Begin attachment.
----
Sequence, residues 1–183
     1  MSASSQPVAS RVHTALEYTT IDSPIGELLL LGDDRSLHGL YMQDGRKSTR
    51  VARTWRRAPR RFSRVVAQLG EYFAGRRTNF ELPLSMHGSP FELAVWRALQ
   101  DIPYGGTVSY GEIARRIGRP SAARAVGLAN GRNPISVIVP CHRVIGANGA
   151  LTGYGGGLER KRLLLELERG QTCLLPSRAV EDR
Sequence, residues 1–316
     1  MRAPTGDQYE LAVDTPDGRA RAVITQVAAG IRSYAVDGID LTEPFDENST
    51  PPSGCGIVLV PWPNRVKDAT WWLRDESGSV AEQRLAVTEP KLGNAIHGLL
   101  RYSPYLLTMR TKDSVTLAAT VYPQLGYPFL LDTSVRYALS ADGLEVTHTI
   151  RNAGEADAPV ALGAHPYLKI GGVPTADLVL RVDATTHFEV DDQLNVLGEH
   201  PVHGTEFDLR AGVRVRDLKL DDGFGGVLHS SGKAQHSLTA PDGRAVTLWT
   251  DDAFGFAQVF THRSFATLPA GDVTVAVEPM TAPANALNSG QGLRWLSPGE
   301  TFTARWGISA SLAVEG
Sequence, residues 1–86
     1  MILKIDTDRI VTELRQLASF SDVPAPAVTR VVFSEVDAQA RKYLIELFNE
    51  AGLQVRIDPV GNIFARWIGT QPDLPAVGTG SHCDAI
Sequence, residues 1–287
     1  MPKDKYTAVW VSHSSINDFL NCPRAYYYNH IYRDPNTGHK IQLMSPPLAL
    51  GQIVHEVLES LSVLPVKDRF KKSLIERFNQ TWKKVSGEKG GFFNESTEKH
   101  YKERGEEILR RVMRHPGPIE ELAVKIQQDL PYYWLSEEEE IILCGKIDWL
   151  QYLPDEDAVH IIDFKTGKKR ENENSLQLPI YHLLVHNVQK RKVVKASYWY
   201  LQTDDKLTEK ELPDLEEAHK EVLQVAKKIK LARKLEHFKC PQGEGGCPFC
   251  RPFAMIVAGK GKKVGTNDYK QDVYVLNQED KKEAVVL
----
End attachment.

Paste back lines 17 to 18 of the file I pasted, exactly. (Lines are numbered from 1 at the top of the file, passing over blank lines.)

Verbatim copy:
Sequence, residues 1–287
     1  MPKDKYTAVW VSHSSINDFL NCPRAYYYNH IYRDPNTGHK IQLMSPPLAL